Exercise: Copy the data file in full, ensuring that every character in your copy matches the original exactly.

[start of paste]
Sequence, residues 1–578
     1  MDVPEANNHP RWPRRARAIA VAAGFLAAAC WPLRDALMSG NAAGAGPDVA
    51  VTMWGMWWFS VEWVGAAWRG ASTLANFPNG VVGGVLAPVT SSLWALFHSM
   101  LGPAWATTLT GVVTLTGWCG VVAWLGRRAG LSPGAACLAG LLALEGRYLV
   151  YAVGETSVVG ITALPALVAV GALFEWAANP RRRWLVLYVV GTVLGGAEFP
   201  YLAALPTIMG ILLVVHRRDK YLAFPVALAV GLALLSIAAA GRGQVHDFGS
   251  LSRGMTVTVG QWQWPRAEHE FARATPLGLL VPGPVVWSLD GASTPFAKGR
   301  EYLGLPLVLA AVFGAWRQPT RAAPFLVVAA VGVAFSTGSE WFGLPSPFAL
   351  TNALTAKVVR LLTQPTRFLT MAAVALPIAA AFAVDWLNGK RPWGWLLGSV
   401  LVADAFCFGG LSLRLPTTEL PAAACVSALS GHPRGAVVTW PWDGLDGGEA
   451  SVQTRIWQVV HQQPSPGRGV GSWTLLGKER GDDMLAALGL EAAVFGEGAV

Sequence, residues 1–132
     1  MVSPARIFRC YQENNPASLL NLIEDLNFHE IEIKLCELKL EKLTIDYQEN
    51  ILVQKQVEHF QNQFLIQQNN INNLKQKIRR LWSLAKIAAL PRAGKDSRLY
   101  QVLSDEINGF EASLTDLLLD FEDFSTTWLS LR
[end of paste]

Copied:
Sequence, residues 1–578
     1  MDVPEANNHP RWPRRARAIA VAAGFLAAAC WPLRDALMSG NAAGAGPDVA
    51  VTMWGMWWFS VEWVGAAWRG ASTLANFPNG VVGGVLAPVT SSLWALFHSM
   101  LGPAWATTLT GVVTLTGWCG VVAWLGRRAG LSPGAACLAG LLALEGRYLV
   151  YAVGETSVVG ITALPALVAV GALFEWAANP RRRWLVLYVV GTVLGGAEFP
   201  YLAALPTIMG ILLVVHRRDK YLAFPVALAV GLALLSIAAA GRGQVHDFGS
   251  LSRGMTVTVG QWQWPRAEHE FARATPLGLL VPGPVVWSLD GASTPFAKGR
   301  EYLGLPLVLA AVFGAWRQPT RAAPFLVVAA VGVAFSTGSE WFGLPSPFAL
   351  TNALTAKVVR LLTQPTRFLT MAAVALPIAA AFAVDWLNGK RPWGWLLGSV
   401  LVADAFCFGG LSLRLPTTEL PAAACVSALS GHPRGAVVTW PWDGLDGGEA
   451  SVQTRIWQVV HQQPSPGRGV GSWTLLGKER GDDMLAALGL EAAVFGEGAV

Sequence, residues 1–132
     1  MVSPARIFRC YQENNPASLL NLIEDLNFHE IEIKLCELKL EKLTIDYQEN
    51  ILVQKQVEHF QNQFLIQQNN INNLKQKIRR LWSLAKIAAL PRAGKDSRLY
   101  QVLSDEINGF EASLTDLLLD FEDFSTTWLS LR